Educating Hearts and Minds: Parents’ Role in Helping Their Children Thrive

 

Celebrating the International Day of Families on 15 May, the Permanent Mission of Samoa and the NGO Committee on the Family co-organized an event entitled “Educating Hearts and Minds: Parents’ Role in Helping Their Children Thrive” on 18 May 2017. It served to remind stakeholders of how they could contribute to the realization of the Sustainable Development at the individual level.

To open the event, His Excellency Ali’ioaiga Feturi Elisaia discussed the role of families from the international agreements’ framework. He specifically brought attention to the Article 16 of the Universal Declaration of Human Rights (UHDR) on rights to marriage and family. Although parenting is perhaps the most challenging task, he said, it has the biggest impact on society as “charity starts at home.”

Despite the consent about the significance of parents, the panelist Prof. Mesurado’s research study on the relationship between family interaction and well-being raised questions during the meeting. Participants particularly asked whether the fact that 90 percent of her respondents were highly educated would generate biased results. A representative from a university in Africa also expressed strong disappointment over her conclusion about Africa’s unhappiness solely based on little data collected from Kenya.  Families are considered important in creating social impacts, but have seldom been addressed in the United Nations, said Elisaia. He hoped that more UN meetings would be held to address families in the future.

Meeting: Educating Hearts and Minds: Parents’ Role in Helping Their Children Thrive
Date/Location: Thursday, May 18, 2017; 13:15-14:30; Conference Room 11, United Nations Headquarters, New York, NY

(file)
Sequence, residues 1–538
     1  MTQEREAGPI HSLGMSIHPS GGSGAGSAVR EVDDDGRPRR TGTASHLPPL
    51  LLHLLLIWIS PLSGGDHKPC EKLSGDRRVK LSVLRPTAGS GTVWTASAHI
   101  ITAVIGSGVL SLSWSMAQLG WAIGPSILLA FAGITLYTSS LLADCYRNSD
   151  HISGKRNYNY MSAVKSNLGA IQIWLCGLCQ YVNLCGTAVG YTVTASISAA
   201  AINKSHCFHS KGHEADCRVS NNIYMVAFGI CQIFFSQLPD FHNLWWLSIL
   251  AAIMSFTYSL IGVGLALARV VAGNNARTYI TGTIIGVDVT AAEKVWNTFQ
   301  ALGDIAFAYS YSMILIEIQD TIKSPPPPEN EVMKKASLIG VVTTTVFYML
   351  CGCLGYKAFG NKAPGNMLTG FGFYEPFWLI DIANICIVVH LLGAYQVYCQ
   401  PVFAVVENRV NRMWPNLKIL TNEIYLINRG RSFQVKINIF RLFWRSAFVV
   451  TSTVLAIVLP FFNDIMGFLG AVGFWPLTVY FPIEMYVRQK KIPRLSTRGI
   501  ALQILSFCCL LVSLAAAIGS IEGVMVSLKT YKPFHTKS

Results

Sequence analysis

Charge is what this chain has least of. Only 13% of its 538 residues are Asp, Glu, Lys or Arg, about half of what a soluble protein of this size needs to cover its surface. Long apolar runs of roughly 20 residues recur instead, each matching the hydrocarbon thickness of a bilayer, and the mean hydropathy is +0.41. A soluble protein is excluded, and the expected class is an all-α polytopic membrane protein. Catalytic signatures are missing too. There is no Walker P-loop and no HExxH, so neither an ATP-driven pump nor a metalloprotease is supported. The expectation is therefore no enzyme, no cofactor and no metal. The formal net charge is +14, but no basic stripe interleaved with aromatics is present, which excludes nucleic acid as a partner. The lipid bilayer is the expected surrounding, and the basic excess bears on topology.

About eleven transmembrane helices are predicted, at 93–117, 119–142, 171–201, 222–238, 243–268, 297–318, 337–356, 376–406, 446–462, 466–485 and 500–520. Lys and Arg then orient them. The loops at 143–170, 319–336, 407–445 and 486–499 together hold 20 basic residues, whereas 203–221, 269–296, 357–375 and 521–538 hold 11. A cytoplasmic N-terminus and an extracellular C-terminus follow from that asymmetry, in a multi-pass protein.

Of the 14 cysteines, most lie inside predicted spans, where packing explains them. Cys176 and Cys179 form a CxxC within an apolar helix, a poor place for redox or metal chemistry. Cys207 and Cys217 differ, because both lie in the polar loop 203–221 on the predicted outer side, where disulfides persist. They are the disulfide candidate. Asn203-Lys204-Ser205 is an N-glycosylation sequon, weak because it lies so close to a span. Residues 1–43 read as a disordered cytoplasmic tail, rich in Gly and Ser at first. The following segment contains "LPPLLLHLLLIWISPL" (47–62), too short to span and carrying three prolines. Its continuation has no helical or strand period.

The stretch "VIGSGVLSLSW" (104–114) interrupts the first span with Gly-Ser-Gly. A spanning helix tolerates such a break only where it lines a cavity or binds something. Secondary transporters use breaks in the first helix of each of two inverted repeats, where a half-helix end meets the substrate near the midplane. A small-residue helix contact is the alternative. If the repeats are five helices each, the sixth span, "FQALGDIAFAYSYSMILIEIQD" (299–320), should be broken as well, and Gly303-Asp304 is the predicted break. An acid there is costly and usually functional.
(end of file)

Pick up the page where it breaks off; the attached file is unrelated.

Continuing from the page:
Speakers: Ryan Koch, LDS Charities; H.E. Mr. Ali’ioaiga Feturi Elisaia, Permanent Representative of Samoa; Lynn Walsh, Universal Peace Federation; Prof. Maria Mesurado, National Scientific and Technical Research Council, Austral University, Argentina; Eve Sullivan, Parents Forum; Renata Kaczmarska, UN Focal Point on the Family
Written By: WIT Representative Jadice Lau

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UN SDG 4

Women and Children’s Rights: Draft Resolutions in the Third Committee

 

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The November 22nd meeting began with a report of UN spending and proposed draft resolutions on preventing and combating corrupt practices and facilitating asset recovery. The Committee Secretary and the representative of Colombia stressed the importance of crime prevention and criminal justice. The Third Committee further discussed social development in the context of regional culture regarding youth, aging, disabled persons, and family life. Representatives focused on implementing outcomes of the World Summit for Social Development and the twenty-fourth special session of the General Assembly. The Committee deferred draft resolutions regarding women’s socioeconomic advancement, trafficking of women and girls, as well as “assistance to refugees, returnees and displaced persons and humanitarian questions” until a later time.